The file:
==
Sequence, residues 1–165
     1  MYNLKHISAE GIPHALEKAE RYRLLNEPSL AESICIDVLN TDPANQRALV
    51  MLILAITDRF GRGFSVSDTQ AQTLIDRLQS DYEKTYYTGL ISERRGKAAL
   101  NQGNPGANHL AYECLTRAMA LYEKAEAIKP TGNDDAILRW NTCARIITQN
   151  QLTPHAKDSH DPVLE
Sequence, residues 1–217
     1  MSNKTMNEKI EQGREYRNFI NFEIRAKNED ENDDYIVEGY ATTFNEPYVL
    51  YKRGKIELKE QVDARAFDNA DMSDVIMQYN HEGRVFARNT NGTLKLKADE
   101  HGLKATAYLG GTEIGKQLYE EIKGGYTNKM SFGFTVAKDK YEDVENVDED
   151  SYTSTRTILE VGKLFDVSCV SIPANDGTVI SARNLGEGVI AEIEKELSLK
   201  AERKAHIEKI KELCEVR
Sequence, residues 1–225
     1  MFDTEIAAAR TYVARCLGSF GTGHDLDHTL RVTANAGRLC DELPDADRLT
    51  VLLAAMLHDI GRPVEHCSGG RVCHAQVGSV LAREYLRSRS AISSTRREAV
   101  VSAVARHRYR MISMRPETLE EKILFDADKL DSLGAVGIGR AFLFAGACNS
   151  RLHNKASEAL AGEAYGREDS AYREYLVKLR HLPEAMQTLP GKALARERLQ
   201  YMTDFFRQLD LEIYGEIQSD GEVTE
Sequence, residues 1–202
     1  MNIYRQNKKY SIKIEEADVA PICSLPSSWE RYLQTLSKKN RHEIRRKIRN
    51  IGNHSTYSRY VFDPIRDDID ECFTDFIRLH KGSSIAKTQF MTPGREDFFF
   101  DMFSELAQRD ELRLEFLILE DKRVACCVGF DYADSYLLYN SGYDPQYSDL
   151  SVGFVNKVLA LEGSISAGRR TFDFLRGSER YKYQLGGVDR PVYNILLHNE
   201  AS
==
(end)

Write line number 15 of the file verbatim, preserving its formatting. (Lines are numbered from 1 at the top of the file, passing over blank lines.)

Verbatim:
   101  VSAVARHRYR MISMRPETLE EKILFDADKL DSLGAVGIGR AFLFAGACNS